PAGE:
In 2009, two large-scale feeding tests were conducted in Märja test farm in Estonia. The first test looked into the possible usage of glycerol as a glycogenic precursor after the calving period. The second experiment explained to what extent it is possible to replace the barley flour in FRMF with glycerol. The crude glycerol used in the tests came from the Biooil Ltd production plant.
The first test was carried out on 14 dairy cows of Estonian Holstein breed in their first lactation period. The test period began on the fourth day after calving and lasted for up to the 21. day of lactation. The animals were fed according to their required norms and they were given concentrated fodder and silage separately. The experimental group was orally given an additional 500 ml of crude glycerol per day. The animals were fed and milked twice a day. Milk production and feed intake were recorded daily.
The second test was conducted in the principle of 4×4 Latin square on 8 dairy cows of Estonian Holstein breed in their first lactation period. Four of the cows had rumen fistulas. At the beginning of the experiment cows were divided into pairs on the basis of the day of lactation, milk production, body weight and feed intake. One test period was 21 days long, of which 14 days were the pre-period and 7 days the main period. The cows were fed FRMF in four different rations (glycerol content 0kg, 1kg, 2kg and 3kg). In all of them barley flour was replaced with crude glycerol. In addition to measuring the intake of dry matter and the analysis of milk production, the splitting of nutrients was determined by using the in sacco method.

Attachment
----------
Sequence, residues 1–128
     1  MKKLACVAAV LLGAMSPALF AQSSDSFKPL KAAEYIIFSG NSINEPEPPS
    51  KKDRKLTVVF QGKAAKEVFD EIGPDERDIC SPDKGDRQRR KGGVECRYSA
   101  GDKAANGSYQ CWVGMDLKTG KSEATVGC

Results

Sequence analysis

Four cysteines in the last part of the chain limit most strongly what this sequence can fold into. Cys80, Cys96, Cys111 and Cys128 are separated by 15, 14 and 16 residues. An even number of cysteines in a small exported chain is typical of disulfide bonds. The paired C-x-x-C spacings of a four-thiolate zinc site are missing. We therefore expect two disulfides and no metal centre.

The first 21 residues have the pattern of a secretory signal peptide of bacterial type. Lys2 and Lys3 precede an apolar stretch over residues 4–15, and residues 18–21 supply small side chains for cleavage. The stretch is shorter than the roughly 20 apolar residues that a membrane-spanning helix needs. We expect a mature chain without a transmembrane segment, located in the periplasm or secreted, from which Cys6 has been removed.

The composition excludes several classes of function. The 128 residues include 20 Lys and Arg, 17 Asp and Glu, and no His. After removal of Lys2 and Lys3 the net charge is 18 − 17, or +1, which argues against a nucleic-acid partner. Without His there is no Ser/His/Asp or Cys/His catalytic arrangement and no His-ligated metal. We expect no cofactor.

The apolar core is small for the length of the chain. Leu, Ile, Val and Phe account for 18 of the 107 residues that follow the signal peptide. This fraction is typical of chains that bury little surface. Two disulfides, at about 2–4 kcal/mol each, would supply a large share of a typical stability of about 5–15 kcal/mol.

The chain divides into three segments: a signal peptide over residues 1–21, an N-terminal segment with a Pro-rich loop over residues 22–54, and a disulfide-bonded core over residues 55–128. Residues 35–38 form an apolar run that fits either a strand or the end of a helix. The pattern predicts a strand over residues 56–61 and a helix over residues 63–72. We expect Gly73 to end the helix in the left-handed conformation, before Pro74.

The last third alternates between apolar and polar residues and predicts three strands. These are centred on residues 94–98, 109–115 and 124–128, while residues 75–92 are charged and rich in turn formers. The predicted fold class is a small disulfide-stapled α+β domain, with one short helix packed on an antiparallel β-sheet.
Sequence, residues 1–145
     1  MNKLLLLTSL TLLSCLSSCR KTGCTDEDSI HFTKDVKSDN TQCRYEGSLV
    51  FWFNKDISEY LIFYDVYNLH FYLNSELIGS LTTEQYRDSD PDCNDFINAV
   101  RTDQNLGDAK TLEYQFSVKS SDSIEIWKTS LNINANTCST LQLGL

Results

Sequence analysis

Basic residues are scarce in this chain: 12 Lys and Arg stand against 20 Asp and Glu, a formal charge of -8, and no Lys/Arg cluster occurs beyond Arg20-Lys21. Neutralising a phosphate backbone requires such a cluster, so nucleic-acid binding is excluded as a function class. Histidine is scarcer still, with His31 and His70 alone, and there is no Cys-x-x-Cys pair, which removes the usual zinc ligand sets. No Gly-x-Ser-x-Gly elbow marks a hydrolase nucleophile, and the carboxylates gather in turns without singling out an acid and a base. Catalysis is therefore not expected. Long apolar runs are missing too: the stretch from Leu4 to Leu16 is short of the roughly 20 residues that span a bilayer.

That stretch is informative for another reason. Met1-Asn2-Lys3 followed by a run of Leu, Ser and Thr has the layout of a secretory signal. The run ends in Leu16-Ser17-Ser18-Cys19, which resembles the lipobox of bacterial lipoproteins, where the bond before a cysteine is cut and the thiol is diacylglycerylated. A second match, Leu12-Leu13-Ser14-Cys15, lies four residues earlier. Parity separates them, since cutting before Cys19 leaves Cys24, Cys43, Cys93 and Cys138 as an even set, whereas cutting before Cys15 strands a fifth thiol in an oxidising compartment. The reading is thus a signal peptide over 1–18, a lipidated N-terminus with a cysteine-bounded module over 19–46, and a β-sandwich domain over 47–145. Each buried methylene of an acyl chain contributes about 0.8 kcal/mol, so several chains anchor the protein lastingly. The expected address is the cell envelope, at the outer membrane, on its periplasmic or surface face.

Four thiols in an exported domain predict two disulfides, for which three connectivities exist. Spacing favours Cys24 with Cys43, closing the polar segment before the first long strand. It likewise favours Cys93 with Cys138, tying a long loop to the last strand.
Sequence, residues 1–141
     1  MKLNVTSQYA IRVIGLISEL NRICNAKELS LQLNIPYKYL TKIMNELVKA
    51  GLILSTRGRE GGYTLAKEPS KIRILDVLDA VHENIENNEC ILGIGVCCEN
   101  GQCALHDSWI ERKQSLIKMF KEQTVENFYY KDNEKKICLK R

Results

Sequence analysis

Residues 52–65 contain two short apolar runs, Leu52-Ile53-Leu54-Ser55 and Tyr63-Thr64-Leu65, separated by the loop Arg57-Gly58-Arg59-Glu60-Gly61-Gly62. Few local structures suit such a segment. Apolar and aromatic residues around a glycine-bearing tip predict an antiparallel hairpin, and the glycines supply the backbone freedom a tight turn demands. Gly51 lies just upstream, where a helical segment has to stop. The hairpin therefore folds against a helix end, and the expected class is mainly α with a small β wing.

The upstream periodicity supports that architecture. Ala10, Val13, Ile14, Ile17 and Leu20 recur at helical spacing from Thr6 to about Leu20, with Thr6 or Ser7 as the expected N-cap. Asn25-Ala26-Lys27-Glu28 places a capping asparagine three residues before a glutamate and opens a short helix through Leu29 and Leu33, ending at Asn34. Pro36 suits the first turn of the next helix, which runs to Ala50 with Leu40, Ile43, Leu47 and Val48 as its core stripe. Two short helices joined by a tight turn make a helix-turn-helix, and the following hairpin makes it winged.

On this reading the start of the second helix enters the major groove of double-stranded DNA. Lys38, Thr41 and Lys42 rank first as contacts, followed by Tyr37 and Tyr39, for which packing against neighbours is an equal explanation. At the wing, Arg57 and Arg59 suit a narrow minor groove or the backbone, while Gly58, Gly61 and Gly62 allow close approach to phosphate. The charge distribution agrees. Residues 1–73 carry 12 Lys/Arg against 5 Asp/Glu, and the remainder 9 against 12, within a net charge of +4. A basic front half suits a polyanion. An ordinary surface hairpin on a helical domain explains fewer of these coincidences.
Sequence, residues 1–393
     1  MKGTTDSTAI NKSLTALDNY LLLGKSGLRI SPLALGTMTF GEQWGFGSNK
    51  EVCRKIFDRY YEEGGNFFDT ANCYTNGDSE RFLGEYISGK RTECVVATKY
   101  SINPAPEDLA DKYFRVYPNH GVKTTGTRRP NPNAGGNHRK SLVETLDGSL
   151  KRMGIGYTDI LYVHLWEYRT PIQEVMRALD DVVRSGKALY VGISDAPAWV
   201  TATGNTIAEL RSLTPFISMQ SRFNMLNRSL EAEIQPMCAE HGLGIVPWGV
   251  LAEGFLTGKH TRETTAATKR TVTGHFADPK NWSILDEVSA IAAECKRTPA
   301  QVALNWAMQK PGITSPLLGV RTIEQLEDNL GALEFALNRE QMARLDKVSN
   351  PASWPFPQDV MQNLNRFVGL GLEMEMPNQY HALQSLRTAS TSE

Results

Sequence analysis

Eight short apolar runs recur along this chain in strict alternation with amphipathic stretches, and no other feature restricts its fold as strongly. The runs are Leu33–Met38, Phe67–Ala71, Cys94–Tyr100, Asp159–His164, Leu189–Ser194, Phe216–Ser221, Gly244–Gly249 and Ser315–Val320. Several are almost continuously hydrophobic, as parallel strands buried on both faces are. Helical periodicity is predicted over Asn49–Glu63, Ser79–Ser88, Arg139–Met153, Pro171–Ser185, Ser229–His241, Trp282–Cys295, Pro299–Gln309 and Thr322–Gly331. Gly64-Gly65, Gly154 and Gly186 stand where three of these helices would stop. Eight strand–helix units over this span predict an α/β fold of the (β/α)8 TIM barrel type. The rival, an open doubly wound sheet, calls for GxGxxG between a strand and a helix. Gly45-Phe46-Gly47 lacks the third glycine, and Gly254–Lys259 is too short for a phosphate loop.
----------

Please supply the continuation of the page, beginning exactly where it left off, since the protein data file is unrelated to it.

The experiments showed the following:
- The animals who got crude glycerol, ate more ration fodder during the entire test period (first test) than the animals of the control group because the intake of silage increased. This in turn had a positive effect on milk production, being an average of 1,6 kg bigger in the first three weeks on lactation. Oral administration of crude glycerol had also a positive effect on the milk lactose content.
- Substituting barley flour with crude glycerol (glycerine, glycerine) in FRMF (second test) increased the intake of ration dry matter and improved the feed efficiency. If the feeds had a similar energy value, the milk production in case of different rations did not differ, but the feeding of crude glycerol increased the protein content in milk. Given the increase in the feed intake, there is great potential in terms of bigger milk production. Feeding crude glycerol did not significantly affect the rumen acidity, but the best result is reached when the quantity of glycerol ration is increased gradually allowing the rumen environment to adapt to the changes.
- Feeding crude glycerol instead of barley flour as part of FRMF does not affect the splitting of nutrients in silages.